Religious sisterhood’s mission never ends

Austin American-Statesman, October 27, 2013

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Sisters professionalized teaching, nursing and social service in this country.

The announcement in September that the Daughters of Charity will leave Austin by 2014, after 113 years in this community, came as a shock to those of us who chose to ignore reality and pretend they would be here forever. But that’s not how it works.

Sister Philomena Feltz, seen here on a home visit circa 1957, fed the hungry in Austin for 60 years.

When Saints Vincent de Paul and Louise de Marillac founded the Daughters of Charity in 1633 in France, the mission was for the Sisters to go out into the real world to meet real needs (rather than be cloistered). And when they accomplish their mission, they move on to others in need.

Ordained religious women arrived in what’s now the United States in 1727. From that first mission in New Orleans, they have cut a remarkably adventurous and entrepreneurial path, serving as de facto social service agencies for America’s great waves of immigrants and the poor. These deeply spiritual and intellectual pioneering women built and ran schools, hospitals, orphanages and more. Sisters professionalized teaching, nursing and social service in this country.

From the early 1800s through the late 1960s, American women were systematically excluded from leadership roles, couldn’t even vote until 1920. If you were a Catholic woman, you had far more opportunity for education and meaningful work within church structures. The number of women to take vows of poverty, chastity and obedience peaked at more than 181,000 in 1966, when the women’s movement and the Second Vatican Council opened the church to lay leadership. Today, there are around 51,000 women religious. With an average age in the mid-70s, they are all but extinct in hospitals.

“After much discernment and prayer, the Province of St. Louise decided to withdraw Sisters from nine U.S. Catholic dioceses and one archdiocese,” said Belinda Davis, a national spokeswoman for the Daughters. “Seven of these districts include Ascension Health facilities where the Daughters have judged the laity is prepared to ensure the continuation of the mission. This is especially true at Seton where the Daughters themselves have prepared the succeeding laity for many years in the Vincentian spirit.”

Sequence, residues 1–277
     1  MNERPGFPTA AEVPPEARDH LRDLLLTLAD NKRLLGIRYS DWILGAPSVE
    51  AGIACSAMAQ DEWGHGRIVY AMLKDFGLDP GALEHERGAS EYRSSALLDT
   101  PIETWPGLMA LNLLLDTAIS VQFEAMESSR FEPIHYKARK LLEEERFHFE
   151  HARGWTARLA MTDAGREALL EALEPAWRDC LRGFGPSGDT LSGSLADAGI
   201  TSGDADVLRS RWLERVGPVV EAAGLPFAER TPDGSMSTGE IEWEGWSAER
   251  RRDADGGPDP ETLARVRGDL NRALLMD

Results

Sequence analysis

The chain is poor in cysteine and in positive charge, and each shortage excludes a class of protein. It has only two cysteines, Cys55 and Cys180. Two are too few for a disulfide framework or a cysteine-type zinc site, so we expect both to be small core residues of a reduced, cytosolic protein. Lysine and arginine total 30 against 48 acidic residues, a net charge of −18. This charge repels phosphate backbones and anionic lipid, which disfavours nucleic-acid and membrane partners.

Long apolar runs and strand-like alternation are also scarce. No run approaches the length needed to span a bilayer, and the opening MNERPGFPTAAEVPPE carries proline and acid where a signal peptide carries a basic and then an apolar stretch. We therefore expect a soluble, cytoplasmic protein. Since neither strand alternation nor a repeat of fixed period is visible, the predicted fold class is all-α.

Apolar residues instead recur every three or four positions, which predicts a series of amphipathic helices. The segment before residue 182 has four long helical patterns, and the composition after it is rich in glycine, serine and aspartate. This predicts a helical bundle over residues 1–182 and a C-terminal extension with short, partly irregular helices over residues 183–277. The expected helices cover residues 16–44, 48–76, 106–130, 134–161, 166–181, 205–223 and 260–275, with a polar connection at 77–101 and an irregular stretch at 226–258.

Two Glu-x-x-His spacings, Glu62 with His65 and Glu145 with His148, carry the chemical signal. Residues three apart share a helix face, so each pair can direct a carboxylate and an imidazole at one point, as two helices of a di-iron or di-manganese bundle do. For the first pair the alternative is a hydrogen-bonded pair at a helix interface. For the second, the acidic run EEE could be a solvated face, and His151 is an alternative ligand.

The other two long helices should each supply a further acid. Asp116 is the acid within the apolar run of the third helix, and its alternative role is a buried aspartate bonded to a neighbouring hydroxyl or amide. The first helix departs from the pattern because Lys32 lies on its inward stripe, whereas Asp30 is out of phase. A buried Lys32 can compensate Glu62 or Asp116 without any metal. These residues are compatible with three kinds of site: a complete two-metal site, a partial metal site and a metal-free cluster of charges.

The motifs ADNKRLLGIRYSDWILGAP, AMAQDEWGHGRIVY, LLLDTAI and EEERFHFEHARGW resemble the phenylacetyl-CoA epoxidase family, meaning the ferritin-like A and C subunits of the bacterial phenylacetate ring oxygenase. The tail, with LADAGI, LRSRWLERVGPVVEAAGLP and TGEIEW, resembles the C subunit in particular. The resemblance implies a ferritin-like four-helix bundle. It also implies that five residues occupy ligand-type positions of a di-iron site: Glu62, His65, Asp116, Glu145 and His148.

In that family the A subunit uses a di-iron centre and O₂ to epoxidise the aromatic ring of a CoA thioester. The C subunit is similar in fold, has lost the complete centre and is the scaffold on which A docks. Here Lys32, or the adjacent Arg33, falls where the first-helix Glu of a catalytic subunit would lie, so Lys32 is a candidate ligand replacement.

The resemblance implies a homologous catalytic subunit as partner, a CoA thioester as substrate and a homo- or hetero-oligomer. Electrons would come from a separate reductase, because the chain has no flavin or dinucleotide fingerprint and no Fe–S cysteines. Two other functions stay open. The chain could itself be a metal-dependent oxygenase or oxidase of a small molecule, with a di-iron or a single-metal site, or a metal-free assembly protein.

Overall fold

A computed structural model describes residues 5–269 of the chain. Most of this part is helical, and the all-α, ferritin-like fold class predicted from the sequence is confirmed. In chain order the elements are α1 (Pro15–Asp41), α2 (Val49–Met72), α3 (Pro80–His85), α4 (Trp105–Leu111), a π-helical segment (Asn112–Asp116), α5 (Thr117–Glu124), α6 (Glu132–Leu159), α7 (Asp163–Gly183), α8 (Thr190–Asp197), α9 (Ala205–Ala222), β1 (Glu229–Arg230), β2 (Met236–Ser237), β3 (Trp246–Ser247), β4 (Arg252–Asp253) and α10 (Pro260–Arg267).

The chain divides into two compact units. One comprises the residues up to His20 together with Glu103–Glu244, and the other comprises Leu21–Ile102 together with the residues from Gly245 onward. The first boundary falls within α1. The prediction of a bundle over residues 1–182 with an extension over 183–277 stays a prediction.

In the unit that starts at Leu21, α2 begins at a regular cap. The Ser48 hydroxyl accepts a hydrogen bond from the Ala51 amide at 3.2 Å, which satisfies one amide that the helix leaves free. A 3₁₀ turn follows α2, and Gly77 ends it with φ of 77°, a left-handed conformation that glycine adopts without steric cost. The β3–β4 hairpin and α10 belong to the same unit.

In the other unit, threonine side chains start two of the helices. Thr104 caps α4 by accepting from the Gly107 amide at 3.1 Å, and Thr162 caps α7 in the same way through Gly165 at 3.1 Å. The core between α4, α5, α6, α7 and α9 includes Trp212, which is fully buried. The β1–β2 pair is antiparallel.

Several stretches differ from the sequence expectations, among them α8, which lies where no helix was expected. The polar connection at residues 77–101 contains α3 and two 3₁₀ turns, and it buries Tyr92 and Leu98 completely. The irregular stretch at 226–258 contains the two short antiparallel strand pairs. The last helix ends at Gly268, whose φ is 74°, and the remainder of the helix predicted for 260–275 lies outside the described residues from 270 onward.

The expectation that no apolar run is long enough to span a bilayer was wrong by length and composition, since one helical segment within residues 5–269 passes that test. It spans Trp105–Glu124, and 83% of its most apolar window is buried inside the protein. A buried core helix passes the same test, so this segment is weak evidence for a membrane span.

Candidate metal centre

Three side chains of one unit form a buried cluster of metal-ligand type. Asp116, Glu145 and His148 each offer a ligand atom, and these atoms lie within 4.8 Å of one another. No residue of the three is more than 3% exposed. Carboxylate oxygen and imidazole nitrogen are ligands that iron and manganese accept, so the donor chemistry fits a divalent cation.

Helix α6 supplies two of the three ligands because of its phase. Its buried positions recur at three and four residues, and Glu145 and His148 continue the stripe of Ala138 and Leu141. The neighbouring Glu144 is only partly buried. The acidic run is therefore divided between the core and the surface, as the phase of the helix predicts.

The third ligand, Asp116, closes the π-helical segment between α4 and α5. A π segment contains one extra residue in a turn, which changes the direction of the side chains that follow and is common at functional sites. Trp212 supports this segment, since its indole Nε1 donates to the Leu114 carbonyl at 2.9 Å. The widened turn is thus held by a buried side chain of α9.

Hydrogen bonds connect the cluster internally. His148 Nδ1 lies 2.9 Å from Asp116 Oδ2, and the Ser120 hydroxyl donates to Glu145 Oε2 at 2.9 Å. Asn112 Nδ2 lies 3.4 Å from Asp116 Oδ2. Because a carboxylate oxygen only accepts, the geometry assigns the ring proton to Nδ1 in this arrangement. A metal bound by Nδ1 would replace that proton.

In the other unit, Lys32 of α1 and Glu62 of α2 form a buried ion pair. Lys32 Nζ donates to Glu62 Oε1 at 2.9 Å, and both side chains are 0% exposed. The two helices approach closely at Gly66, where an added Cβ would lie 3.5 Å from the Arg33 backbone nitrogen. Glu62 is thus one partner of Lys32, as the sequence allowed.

When the Daughters came to our town to open a hospital in 1900, it was an outback wilderness area on the shores of the Colorado River with a population of about 22,000. With tremendous community support, but not much else, in 1902 the Daughters opened the Seton Infirmary and the Seton School of Nursing. During the grand opening celebration, the hospital’s first patient was carried up the front steps of the hospital — prophetically, a charity patient. The hospital was staffed by the Sisters and student nurses. The old red-brick infirmary at Rio Grande and W. 26th streets has evolved into Central Texas’ largest health care system with a stable economic base. Their will be done.

For generations, the Sisters quietly ministered to the sick and dying, often with nothing more to offer than their presence. They cared for patients during the smallpox, Spanish flu, typhus and polio epidemics. They trained nurses for World War II.

Austin was hard-hit by the Depression, and Sr. Philomena was ever-present to feed the hungry, meeting the long bread lines that formed every day outside the infirmary. Former administrator Sr. Mary Rose McPhee, born in 1918 and now close to the end of her journey, worked with Dr. Jacob Kay and community support to bring neonatology to Central Texas, the setting where I had the privilege to work for 32 years.

Since arriving, the Daughters have been preparing the laity to continue the mission after they’re gone, for example, growing their own nurses at the Seton nursing school — and pushing for a school to educate doctors. Their mission is what attracted and keeps us in Seton’s 12,600-strong workforce.

With more than a century of enculturation, their spirit remains hard-wired into the work that we do every day and the planning for the medical school. Although they will no longer live in Austin, Daughters will remain active in Seton governance.

The Sisters are called to move on to serve where there is greater need, and we must let them go. Will the lay leadership succeed in continuing the mission? The Sisters are fully confident that they are. And that’s good enough for me.

Toni Inglis, MSN, RN, CNS, FAAN, is a lifelong Austin resident and retired editor and neonatal intensive care nurse. She writes a monthly opinion column for the Austin American-Statesman editorial page.